By joining with the Technion to make big bets on its people, our organization has helped to build the University into a world-class institution – and change the world in the process. On every visit, I see firsthand the remarkable return on our investments in these great minds. I find myself asking, over and over: how did they even think to come up with that?

Take the work of Professor Avi Schroeder – a brilliant, young scientist who came to the Technion in 2012 through the Henry and Marilyn Taub Foundation Leaders in Science and Technology Faculty Recruitment program. This new video illustrates the method that Prof. Schroeder’s research team is pioneering to test drugs inside a tumor using nanoparticles. In effect, his team is turning a patient’s body into a treatment laboratory. This could eventually enable physicians to tailor specific drugs for each and every person, eliminating the many harsh side effects of treatments for diseases like cancer.

Or look at Assaf Glazer – a Technion alum and post-doc in the Runway Program at the Jacob-Technion Cornell Institute. His new company – Nannit – is developing a smart baby monitor that can alert parents if a child is in danger, benchmark a child’s development and screen for potential abnormalities. I can only imagine how many more restful nights I would have enjoyed as a parent, if I’d had access to this product when my three children were infants.

Or examine one of the thousands of game-changing startups founded by Technion alumni – companies like Sesame Enable, which has created mobile technology that allows the disabled to use ordinary smartphones. This transformative advancement recently won them a $1 million Powerful Answers prize from Verizon.

Whether we are providing support for labs or buildings, scholarships or fellowships, research or faculty chairs – our organization is driven by a belief that the Technion’s essential ingredient is the ability to attract, retain, and create extraordinarily gifted thinkers.

This Passover, as we reflect on what it means to be free, I’ll be contemplating the central role that the ATS can play in empowering the Technion’s extraordinary people with the complete freedom to fully pursue their life’s work, alongside the most talented colleagues, in the best facilities, and with the most ambitious goals in their sights. By continuing to cultivate Israel’s great reservoir of human capital, we can stretch our philanthropic dollars in remarkable ways – and advance solutions that build a much better world.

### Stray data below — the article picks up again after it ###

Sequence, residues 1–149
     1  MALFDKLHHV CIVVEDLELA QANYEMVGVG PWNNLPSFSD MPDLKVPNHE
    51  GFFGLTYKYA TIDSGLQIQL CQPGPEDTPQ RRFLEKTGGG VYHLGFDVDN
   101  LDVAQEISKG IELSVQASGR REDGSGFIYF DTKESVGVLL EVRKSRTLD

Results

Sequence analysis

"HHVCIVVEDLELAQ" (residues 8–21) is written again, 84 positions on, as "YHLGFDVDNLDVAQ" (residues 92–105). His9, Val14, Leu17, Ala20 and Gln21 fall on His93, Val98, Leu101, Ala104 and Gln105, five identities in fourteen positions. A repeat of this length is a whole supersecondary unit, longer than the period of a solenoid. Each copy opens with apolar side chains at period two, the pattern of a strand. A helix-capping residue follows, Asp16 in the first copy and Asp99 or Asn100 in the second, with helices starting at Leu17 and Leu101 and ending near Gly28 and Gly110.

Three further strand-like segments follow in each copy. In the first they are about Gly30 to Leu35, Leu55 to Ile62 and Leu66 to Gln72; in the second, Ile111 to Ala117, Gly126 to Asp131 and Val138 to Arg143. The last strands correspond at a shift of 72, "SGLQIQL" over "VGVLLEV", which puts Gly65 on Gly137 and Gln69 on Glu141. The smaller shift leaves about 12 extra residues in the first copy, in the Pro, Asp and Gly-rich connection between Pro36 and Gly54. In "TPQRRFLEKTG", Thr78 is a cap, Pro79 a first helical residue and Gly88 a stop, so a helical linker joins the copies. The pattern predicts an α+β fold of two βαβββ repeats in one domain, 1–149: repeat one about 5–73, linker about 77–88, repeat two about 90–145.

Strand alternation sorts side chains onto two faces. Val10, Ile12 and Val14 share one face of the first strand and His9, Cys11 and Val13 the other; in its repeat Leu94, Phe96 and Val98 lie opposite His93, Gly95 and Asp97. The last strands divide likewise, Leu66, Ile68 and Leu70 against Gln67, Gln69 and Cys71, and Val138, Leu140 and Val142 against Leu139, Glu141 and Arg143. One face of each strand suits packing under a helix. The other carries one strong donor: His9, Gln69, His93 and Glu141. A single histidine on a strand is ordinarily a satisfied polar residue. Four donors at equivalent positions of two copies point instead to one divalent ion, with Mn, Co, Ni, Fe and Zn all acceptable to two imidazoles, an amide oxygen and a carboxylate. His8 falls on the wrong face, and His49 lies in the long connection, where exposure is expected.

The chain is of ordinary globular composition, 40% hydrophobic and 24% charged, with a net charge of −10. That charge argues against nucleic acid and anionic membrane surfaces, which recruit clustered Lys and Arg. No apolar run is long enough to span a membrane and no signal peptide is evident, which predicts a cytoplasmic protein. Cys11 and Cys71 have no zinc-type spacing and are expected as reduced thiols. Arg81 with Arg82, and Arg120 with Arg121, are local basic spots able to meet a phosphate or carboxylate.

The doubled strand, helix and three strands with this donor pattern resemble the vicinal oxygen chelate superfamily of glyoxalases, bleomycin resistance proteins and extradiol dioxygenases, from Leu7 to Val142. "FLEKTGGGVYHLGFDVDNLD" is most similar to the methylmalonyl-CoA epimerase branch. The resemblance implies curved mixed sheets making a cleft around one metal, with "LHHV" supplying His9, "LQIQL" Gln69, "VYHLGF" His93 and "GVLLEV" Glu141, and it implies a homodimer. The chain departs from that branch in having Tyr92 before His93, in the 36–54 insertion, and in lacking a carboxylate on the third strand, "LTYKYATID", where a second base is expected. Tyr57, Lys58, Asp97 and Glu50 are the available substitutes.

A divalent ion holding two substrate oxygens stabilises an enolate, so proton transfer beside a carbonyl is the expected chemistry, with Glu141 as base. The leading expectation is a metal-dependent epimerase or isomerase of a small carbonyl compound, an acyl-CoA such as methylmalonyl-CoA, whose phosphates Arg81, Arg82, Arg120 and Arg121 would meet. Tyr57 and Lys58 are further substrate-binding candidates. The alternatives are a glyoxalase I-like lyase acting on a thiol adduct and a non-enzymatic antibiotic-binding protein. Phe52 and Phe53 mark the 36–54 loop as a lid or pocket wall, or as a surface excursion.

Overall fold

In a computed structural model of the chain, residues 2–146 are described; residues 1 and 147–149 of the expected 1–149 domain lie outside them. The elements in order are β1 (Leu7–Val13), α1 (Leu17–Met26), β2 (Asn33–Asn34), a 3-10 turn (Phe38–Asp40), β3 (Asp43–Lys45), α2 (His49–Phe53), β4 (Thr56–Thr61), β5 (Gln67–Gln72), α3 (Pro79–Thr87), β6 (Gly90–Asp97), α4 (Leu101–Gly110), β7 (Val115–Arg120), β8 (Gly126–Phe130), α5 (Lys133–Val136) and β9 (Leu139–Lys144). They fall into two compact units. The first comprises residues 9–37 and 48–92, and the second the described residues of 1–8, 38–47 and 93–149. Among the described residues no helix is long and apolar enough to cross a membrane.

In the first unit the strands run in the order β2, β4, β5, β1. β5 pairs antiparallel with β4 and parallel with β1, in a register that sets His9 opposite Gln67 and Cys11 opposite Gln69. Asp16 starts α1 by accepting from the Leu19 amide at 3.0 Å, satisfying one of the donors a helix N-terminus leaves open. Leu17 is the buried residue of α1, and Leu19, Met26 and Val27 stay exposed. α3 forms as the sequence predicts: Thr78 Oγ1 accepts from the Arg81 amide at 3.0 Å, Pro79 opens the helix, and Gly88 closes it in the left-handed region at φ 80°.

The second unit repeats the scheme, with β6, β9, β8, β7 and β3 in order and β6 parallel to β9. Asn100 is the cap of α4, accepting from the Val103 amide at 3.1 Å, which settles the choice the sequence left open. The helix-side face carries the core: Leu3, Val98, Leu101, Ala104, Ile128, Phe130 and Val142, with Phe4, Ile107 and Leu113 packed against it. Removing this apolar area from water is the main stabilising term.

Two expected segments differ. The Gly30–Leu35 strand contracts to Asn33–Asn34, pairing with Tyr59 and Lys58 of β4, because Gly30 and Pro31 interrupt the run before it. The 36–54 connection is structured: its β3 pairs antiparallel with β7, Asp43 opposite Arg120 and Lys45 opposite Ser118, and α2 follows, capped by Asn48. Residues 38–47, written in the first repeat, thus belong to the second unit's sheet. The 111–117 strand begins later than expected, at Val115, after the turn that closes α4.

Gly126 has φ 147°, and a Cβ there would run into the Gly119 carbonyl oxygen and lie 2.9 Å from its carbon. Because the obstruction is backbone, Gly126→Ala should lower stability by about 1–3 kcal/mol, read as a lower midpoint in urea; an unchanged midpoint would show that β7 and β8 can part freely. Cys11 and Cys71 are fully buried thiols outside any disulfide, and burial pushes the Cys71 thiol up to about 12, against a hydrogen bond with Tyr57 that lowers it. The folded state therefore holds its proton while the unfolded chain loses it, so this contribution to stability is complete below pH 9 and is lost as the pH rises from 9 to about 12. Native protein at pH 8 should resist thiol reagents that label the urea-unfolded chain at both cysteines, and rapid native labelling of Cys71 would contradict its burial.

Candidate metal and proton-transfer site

Wishing you and your family a very happy Passover.

 

 

A Magnet for Solution Seekers

What’s driving the increasing global interest in the Technion?

Earlier this month, the Wall Street Journal profiled Technion President Peretz Lavie. The article highlighted his leadership in increasing the Technion’s global partnerships – and profile – to unprecedented heights.

By any measure, the past few years have been nothing short of extraordinary for the Technion. They have brought about the birth of a far-reaching collaboration with Cornell University to create the Jacobs Technion-Cornell Institute in the heart of Manhattan. They have given rise to the Guangdong-Technion Institute of Technology – funded by a grant from Chinese philanthropist Li Ka-shing – which will soon kick off a new era of Israeli-Chinese collaboration in research, education, and business.

Just this month, the Technion and New York University announced a groundbreaking step forward in the fight against cancer – in the form of two major joint research endeavors, including the establishment of a state-of-the-art facility on the Technion campus. The partnership – supported by a gift from philanthropists Laura and Isaac Perlmutter – is just one of many now being incubated with leading institutions spanning across Europe, Canada, and other countries around the world.

In unprecedented ways, the world is looking to the Technion to help solve its greatest challenges. You can see this truth in the long lists of distinguished visitors who are traveling to the Haifa campus. They come from every corner of the planet: mayors and legislators; presidents and prime ministers; the CEOs of multinational corporations and the presidents of universities. Each of them is looking for opportunities to partner with Israel’s greatest university.

Many ask me: what’s driving this surge in global interest?

Is it the extraordinary success of Technion faculty and alumni, who represent a quarter of Israel’s Nobel Prize Laureates, a third of its most important business leaders, and two-thirds of the CEOs of its NASDAQ -listed companies? Most graduates will talk about the unique mindset and skill set that they acquired during their education at the Technion, that allows them to solve problems and face challenges.

Is it the university’s cutting-edge, multidisciplinary approach to research, which brings together thinkers from across different fields to address major challenges – from fighting cancer to making our cities more sustainable?